MY E.O. 9066: Resistance at Tule Lake

When I was a child,

I was just a little too Japanese.

My L’s and R’s

Came out as

Reft and Light

As in whenever I left my Japanese at home.

It would make me feel alright.

When I was in Math Class

I sat between two kids: a white boy and a yonsei; we looked alike

Like a line between the divide signs

He couldn’t discern the difference between the dots

The yonsei and I.

We looked alike.

But I didn’t sound like the others.

When I was bullied,

My teacher said that my sentences sounded funny.

Like how my English would flow together like brush strokes of Japanese calligraphy

I woulda left the room but it wasn’t right.

I was a model minority student.

You see I was good at math

Because that was the only homework that my mother could help me with.

The numbers just didn’t add up.

The Yonsei kid was laughing at me.

If I subtracted the accent we were the same underneath.

My father told me that I am more than the sum of my parts.

But at that point I felt more like a divide line between two points, two nations and my heart

The Yonsei told me that I was fresh off a boat.

So I resisted the urge to speak.

Because in school I was suppose to raise the American

and submerge the Japanese.

We’ve heard this story before.

Divided between Loyalty and Resistance

Too many Stories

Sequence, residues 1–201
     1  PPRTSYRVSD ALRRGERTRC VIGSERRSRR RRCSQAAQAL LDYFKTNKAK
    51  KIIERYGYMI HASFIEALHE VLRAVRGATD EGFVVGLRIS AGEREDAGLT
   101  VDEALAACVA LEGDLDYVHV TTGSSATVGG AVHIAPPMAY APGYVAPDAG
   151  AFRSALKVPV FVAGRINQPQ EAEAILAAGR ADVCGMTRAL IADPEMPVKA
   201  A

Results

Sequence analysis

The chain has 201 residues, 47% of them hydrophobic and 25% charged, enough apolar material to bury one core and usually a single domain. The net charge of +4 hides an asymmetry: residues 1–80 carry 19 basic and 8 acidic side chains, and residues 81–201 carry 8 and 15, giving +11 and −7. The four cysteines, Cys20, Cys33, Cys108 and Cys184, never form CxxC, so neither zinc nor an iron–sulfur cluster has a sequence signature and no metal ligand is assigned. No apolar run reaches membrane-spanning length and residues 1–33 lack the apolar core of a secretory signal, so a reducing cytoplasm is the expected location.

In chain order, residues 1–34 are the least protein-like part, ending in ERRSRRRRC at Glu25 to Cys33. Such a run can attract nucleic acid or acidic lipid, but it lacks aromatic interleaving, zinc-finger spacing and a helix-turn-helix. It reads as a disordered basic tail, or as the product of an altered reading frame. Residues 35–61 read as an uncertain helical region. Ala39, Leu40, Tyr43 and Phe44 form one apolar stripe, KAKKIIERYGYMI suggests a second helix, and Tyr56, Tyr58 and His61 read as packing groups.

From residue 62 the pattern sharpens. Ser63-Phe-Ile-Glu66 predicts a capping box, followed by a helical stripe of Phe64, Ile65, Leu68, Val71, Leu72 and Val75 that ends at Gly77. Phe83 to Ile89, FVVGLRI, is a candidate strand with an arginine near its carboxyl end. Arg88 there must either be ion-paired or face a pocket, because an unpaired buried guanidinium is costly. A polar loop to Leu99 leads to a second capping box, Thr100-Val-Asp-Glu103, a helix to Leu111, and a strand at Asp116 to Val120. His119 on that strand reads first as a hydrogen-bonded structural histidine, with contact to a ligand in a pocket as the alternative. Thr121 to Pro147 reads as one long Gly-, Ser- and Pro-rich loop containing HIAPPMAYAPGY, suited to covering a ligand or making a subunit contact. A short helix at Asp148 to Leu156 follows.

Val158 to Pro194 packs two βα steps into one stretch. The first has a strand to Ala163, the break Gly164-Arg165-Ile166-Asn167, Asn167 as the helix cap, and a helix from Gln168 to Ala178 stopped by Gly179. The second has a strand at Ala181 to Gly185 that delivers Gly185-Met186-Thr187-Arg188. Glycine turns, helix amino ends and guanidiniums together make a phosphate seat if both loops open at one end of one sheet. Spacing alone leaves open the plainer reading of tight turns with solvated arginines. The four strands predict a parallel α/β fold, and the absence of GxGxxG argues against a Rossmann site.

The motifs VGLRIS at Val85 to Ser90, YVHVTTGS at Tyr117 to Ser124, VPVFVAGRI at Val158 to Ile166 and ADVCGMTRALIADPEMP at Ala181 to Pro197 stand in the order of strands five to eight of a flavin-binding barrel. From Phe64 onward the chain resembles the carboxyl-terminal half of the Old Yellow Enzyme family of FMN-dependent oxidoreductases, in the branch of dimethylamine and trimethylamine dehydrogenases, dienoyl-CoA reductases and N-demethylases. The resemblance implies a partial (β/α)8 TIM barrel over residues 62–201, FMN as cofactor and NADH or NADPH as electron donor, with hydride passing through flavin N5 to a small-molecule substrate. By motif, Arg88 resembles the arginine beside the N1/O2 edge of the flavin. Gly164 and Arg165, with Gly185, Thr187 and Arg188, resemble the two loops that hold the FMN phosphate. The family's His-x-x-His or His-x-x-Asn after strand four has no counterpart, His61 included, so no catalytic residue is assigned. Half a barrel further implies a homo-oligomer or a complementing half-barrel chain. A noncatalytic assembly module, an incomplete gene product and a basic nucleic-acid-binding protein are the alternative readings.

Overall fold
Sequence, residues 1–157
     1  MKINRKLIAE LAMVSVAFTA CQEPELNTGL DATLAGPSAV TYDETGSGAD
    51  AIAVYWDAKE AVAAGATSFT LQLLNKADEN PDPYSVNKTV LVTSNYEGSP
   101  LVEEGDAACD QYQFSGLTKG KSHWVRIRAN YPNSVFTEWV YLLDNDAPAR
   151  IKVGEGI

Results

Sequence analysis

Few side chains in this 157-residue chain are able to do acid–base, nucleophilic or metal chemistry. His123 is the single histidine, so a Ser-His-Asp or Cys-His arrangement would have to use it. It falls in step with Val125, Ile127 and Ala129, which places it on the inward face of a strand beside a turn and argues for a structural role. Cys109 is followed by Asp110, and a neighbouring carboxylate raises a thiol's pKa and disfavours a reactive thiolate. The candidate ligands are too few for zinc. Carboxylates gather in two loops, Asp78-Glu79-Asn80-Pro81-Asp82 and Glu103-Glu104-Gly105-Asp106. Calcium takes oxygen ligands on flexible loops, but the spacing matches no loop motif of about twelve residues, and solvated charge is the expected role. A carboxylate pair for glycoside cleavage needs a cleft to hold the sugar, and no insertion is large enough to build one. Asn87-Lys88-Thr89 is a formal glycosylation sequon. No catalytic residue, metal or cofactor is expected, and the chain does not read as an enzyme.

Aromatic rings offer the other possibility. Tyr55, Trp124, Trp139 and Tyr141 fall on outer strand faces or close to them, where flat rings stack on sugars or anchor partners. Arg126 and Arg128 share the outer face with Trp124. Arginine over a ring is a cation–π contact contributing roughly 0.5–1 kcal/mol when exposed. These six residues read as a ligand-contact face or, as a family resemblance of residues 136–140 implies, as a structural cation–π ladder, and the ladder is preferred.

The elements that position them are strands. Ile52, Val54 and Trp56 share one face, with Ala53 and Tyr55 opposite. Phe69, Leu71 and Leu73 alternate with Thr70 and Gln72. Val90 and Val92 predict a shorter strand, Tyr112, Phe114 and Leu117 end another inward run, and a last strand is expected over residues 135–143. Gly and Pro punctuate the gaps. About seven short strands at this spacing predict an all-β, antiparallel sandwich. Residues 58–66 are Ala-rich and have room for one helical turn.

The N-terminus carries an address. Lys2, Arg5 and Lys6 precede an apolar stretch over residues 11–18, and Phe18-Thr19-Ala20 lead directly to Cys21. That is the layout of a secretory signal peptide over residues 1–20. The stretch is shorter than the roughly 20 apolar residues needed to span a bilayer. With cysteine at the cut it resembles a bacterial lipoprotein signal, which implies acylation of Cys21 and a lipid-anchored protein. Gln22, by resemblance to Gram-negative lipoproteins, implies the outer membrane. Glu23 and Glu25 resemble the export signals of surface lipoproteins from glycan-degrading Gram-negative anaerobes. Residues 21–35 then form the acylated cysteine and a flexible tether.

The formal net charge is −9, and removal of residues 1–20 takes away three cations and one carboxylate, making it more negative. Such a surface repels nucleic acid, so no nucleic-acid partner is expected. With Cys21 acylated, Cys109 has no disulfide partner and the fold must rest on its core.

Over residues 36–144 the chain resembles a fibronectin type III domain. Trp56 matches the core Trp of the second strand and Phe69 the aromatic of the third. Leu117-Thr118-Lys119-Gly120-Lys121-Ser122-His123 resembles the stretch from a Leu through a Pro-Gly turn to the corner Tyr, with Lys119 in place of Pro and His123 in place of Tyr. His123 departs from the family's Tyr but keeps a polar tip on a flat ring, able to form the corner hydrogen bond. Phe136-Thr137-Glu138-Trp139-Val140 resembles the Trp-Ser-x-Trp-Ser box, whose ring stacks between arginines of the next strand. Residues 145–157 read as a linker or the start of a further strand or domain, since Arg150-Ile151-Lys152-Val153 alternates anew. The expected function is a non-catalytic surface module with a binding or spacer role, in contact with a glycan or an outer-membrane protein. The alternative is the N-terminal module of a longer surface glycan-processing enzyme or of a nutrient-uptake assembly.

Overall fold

Too Late

Stories that were never told

Questions that should not have been asked

At last we can take a moment

To look back at our collective pasts

Japanese American history is riddled with Land Mines

So make sure you mind lands.

On the point of our pens.

The point is that

Marking Yes or No

On two questions

Shouldn’t have been a mark of loyalty.

Shouldn’t have been the narrative of American.

Shouldn’t have divided our families.

Generations later we still try to do the math.

So we subtracted the parts of that made us other.

Memories fading faster

Cultural genocide disaster

My language

My kotoba

Baa-chan I wish I asked her

Jii-chan I wish he told me

Know history

To know me

No History

There’s no me

The Tule Lake resistance is still relevant

We defended the civil liberties of the immigrants

It’s time to dig up some skeletons

Here’s my Shin-Nikkei Testament.